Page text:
Friday, May 18, 2007

Church For Sale

I’ve been meaning to post this for awhile, and Charles’ last post has reminded me to do it.

The congregation Amy and I attend is apparently located on some prime real estate. It is near a large shopping district, is a block away from a major state highway (which is also the route to Indianapolis) and sits on the corner of two busy city roads.

A few weeks ago the church was contacted by CVS. It turns out they are highly interested in this piece of property and want to buy. They are offering a very substantial amount of money. Part of the deal is that CVS agrees to buy the church another piece of land in the same area of town and build a brand new building, to our specifications, on top of it.

It’s really a very sweet deal, and from what I can tell, everyone is all for it. This is interesting to me, since many of our members would fall into the camp that the church shouldn’t have bake sales and yard sale, or in anyway take “outsiders” money for the church. And yet CVS (a company who will surely sell such unsavory items as booze and cigarettes and all kinds of unsavory magazines) flashes some big bills in front of our eyes, and suddenly everything is ok.


Jamison said...

Isnt it interesting indeed?

I guess if something similar happened in the 1st century, how would it be taken? Ceaser sees a bunch of Christians worshipping in a house, he offers them 100 gold coins to move so he can build a statue of himself on the land of the house, and he promises to let them worship in an old temple he built for himself that he no longer uses...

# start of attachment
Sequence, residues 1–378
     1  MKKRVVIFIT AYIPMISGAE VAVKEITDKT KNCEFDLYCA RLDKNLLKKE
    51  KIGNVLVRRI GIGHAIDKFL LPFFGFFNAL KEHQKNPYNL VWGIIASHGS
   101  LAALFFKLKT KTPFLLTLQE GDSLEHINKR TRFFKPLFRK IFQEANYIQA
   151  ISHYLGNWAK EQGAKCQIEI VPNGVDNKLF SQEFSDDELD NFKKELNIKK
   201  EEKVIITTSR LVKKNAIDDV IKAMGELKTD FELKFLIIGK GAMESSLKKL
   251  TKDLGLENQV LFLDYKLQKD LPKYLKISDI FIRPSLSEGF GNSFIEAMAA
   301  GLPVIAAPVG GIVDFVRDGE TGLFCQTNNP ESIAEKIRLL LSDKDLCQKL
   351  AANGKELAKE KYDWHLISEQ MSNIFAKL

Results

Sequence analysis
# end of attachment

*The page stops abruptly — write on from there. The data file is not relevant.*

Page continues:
Would they take it? Well, probably, but I dont think CVS will throw your members into the lion arena for sport if you refuse to take the money.

lilsip said...

I see no problem with the sale myself, but I do see the problem in logic. I get frustrated with all the "hedges" some folks like to build around God's law. So many times those who would argue that liberal Christians are adding (allowances) to the Word are the very ones who add (new rules) to it.

Jamison said...

In the 1980s, at least at the church I went to, having a tattoo was a sin. I literally grew up beleiving a tattoo was sinful. The idea was that it was defacing the body God gave you. Makes sense I suppose.

Also, and we all know this one, DANCING is a sin. Yeah, I would imagine seeing a woman dance like a stripper is sinful if it makes you lust in your heart, but some back in the day would take it so far as to say a slow dance homecoming gig was sinful, and even ball room dancing...

Inventing sins, should be a book title.

lilsip said...

My mom mentioned how the Church in Acts sold everything they had so none of them would be in need- of course, if we follow that example to the letter we'll end up being communists. Oh well.